Answer #2: The MIDI file format has a bass-ackward way of representing time and dealing with tempo changes. I was trying to compute all timing references with full precision, but eventually overflowed the variable I was using to keep track of the "now" time. My only consolation for having an otherwise simple demo fail so miserably on national television was that it was the first time I have been able to overflow a 32-bit unsigned integer. (i.e. one of my intermediate values was greater than 4,294,967,296!) This is most certainly one of the rites of passage to becoming a full-fledged computer scientist. (I used to be an electrical engineer, and was relatively safe from 32-bit ints)

Why does your motorcycle sound like a lawn mower?
I have two motorcycles, a Honda XR250R dirt bike, and a Honda CBR600RR sport bike. They superimposed the sound of the dirt bike (which does sound like a lawn mower) over the video of me riding the sport bike (which does not sound like a lawn mower).

Can you send me a copy of your "dating flowchart"?

Can you give me time management advice?
I think it was pretty clear from the show that my strategies don't work. But here are some of them anyway:

  • Keep track of how long things actually take. You'll be surprised how much longer simple things take.
  • Remember the worst-case time for a task. We tend to remember idealized times for tasks, even when we know that it might actually take twice as long.
  • Minimize task switching. Try to allocate enough time to a task to finish it. Switching tasks takes time (This is a fixed cost, and you cannot recover it)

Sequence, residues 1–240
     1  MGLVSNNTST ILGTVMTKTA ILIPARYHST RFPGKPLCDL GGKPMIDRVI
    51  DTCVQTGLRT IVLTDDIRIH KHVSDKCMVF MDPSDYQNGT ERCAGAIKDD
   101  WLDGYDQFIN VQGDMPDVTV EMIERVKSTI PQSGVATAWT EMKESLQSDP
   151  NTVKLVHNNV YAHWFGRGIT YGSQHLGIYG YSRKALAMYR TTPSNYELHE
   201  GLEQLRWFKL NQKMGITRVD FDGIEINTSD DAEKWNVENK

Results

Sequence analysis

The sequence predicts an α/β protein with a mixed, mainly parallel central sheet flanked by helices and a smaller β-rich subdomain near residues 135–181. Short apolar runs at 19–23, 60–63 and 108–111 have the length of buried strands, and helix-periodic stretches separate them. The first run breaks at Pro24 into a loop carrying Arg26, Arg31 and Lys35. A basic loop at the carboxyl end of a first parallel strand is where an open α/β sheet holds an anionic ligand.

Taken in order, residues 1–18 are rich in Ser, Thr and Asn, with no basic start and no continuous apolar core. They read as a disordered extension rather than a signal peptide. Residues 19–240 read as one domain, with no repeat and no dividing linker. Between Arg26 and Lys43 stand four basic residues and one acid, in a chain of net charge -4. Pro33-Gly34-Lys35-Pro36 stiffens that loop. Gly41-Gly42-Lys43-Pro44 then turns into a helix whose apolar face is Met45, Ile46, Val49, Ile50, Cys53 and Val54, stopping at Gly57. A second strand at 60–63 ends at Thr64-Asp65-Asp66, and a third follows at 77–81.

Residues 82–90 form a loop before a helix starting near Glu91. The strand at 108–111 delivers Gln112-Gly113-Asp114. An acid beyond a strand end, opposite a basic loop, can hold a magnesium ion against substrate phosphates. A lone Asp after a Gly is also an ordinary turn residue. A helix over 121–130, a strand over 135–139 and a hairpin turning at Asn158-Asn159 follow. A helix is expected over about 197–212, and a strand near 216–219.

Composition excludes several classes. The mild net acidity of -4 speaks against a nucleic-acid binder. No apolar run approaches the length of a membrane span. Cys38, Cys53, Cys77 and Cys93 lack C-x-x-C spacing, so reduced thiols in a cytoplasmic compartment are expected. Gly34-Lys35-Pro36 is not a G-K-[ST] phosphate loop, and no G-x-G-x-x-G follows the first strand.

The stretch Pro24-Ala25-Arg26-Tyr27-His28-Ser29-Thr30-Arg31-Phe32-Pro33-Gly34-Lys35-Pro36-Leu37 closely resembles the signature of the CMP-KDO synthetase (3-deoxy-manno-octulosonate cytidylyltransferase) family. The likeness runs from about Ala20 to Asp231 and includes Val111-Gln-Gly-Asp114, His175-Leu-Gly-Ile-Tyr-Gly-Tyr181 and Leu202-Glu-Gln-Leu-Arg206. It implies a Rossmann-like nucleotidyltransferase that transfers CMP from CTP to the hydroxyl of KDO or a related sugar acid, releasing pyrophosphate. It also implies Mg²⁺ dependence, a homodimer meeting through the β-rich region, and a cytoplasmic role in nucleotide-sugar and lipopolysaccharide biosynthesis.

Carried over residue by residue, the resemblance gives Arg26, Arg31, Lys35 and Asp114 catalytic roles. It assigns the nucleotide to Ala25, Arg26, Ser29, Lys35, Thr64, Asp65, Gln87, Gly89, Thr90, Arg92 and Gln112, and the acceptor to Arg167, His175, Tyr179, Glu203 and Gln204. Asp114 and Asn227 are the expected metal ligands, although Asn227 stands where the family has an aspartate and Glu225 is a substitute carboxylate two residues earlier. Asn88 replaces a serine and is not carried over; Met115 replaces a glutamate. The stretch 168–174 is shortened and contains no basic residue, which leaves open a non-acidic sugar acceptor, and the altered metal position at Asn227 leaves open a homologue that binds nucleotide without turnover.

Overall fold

• Plan your route through your day carefully to minimize (or eliminate) unnecessary trips, or doubling back to where you have always been. Remember the triangle inequality, and try to move in straight lines to your destinations. Ideally, you would form a loop starting from home, travelling to your appointments, then returning home, never visiting any site more than once. (Maybe your desk...)
  • Be sure to allow enough free time to relax a bit. Becoming busy to the point of exhaustion is inefficient.

    May 28th, 2005, Michael B asked:

    I am an aspiring roboticist/student. Is it possible for you iRobot guys to give me any information at all about building my own mini-swarm for personal use, enjoyment, and learning? Thanks for your time...

    Sorry Michael, the Swarm design is not available. Also, it took myself and three other engineers at iRobot 4 years to build the Swarm, if you are starting out, it would be better to start on a smaller project. I recommend:

    Level 1:
       Mechanicals: Lego Mindstorms
       Electronics: LEGO Mindstorms
       Software: LEGO Software, then move to Java, C, Assembly, etc...